Hugo James Mallon, born 26th September 2012. Diagnosed at 6 weeks with Biliary Atresia. A rare liver disease in which the bile duct does not form properly therefore not allowing bile to drain from the liver. At 6 weeks of age Hugo took his first flight to Starship hospital where he underwent his first major surgery, the Kasai. The surgery involves the intestine being connected to the liver in the hope it will begin to drain the bile.
At 3 months of age we flew back to Christchurch and began our friendship with the team at Christchurch Hospital. Still in contact with Starship, we were privileged to be under the care of Andrew Day and the Outreach Nurses close to our home. Equipped with a large bag of daily medication, weekly appointments and blood tests, we began our roller coaster ride.
Hugo’s Kasai lasted until 13 months of age, he was unable to thrive due to the buildup of bile lakes within the liver. After numerous stays in hospital due to infection and the onset of portal vein thrombosis he was on the waiting list for a liver transplant.
Hugo’s Dad, Matthew, was compatible to provide a portion of his liver for Hugo, however the upsetting news was that his liver was too big. It was 4 months from that day when we got the phone call, a deceased donor liver was available. Hugo and Matthew left the next morning on the 5.40am flight, transplant surgery would be at 10am that morning.
It's crazy when I look back on things now, Hugo’s little brother Jakub was only 7 days old. I remember feeding him and the exact time when the phone rang. It was both the most terrifying and exciting moment of our lives. Knowing the part inside Hugo that was filling with toxins and making Hugo so unwell would finally be removed was an incredible relief. It was this moment that things went from what was to what is.
It hasn't been easy riding this roller coaster, but I am incredibly proud of Hugo and how our family has dealt with this. Nothing about his experiences frighten him. As parents we have worked incredibly hard to place those emotions in a box for later, I am especially proud of our game faces. This has always been about getting Hugo through this journey. I get reminded of those frightening emotions most days but I'm getting better at dealing with them. Four years on they aren't as intense, but they never go away. As I watch Hugo take on life as a 6-year-old he's not different from any other child. The only visible difference is his amazing mark on his body, it reminds me each day how far he has come and how far we have all come.
I took a photo of Hugo the other day, he was riding his bike and laughing at his little sister as she peddled furiously on her 3-wheeler. I posted the picture to a family member, she said if there was one photo that we needed to have seen while Hugo was going through transplant this was it. For a time after transplant Hugo had a PTC tube. He couldn't swim, ride a bike or even take a bath. Everything he did had to be monitored in fear of the tube catching on something, the risk of infection or causing further damage. He was 16 months old when he had his transplant, he was 3 years old when his tube came out and 2 months later he started kindy. Hugo’s just turned 6. He lost his two front teeth last week. He swims and plays football once a week. He cycles to school most days and he's just started to learn the Ukulele. He is in a drama club, they performed Rumpelstiltskin last term, he got best stage presence. He wants to try everything. He loves school and he cares about his friends and his teachers. He tests us all the time and most days he gets a telling off for not listening, but he has incredible empathy for others, his kindy teacher described him as stoic. He lights up a room with his smile and he is proud of his special mark on his tummy. He knows lots of people worked incredibly hard to make him better. He knows a part inside him was making him sick and had to be taken out. He knows his tummy is special and he needs to look after it.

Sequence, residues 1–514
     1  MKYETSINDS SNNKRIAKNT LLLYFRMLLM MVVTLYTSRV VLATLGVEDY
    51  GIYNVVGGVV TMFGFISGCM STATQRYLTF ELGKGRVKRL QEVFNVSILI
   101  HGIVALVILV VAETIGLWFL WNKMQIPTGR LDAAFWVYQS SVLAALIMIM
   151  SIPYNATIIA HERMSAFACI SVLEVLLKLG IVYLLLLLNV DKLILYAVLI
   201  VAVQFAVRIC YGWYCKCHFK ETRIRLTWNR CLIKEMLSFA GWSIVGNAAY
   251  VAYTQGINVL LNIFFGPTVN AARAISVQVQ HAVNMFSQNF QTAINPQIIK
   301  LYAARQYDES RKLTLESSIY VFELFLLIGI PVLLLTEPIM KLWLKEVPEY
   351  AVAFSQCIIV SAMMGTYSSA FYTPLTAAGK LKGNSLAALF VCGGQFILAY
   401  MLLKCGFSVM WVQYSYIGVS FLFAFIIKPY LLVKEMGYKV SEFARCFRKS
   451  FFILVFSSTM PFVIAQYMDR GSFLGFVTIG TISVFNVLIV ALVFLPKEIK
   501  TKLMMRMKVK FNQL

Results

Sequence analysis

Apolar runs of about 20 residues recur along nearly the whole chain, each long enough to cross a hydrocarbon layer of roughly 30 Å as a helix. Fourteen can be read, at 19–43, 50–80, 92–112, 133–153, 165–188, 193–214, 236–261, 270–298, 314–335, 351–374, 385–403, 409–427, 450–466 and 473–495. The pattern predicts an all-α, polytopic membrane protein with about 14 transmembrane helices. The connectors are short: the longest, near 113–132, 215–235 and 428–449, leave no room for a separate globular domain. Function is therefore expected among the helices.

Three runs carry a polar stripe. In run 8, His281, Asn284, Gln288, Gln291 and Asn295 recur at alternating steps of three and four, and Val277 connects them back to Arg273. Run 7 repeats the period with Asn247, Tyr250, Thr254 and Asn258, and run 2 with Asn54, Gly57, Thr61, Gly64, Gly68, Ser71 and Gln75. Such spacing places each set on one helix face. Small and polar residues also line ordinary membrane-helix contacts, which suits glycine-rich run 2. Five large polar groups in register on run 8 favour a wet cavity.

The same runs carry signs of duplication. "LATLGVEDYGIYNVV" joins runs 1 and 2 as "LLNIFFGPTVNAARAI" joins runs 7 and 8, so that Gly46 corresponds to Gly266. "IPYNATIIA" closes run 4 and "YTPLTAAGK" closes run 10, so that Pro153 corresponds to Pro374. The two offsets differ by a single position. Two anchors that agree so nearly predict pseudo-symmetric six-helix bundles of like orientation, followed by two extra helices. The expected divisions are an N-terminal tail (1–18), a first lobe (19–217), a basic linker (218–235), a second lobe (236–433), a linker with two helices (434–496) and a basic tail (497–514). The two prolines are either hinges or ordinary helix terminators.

I never imagined this would be us. At the start a part of me never wanted to accept it. But I look at where we have come and where we are now, and it fills me with so much love. I am so grateful of the amazing people that have been with us on this journey. At the beginning I could never see myself celebrating a bumpy roller coaster ride that would every now and then fall off the rails. I look back now and realise that there were always people there to catch us, always people standing by that brought calmness and support. It wasn’t just the people in the hospital either, it was staying at the Ronald McDonald house and the people that stayed there and that work there. It was the KIDS Foundation and Janet with their continual generosity and even now 4 years on and never forgetting us.
As a family we will be eternally grateful to the people who have been and of those that continue to be on our journey. It may have just been sharing the silent understanding of another parent on the ward, a regular early morning coffee group with mums in the RMH, a chat while I made up formula in the kitchen, a cry to a nurse, the date scones from the wonderful lady from the cafe across from the hospital, a cup of tea with a friend and most importantly to the mum whom I met during our first week at Starship, I will never forget her words. She told me, acceptance is everything. Once you accept what is, then life doesn't seem so impossible, in fact it makes things all the more possible. This is our story, and this is our normal. When I look at that photo of Hugo on his scooter, it makes me think our normal is a pretty good place to be right now.
By Lucy Ellery,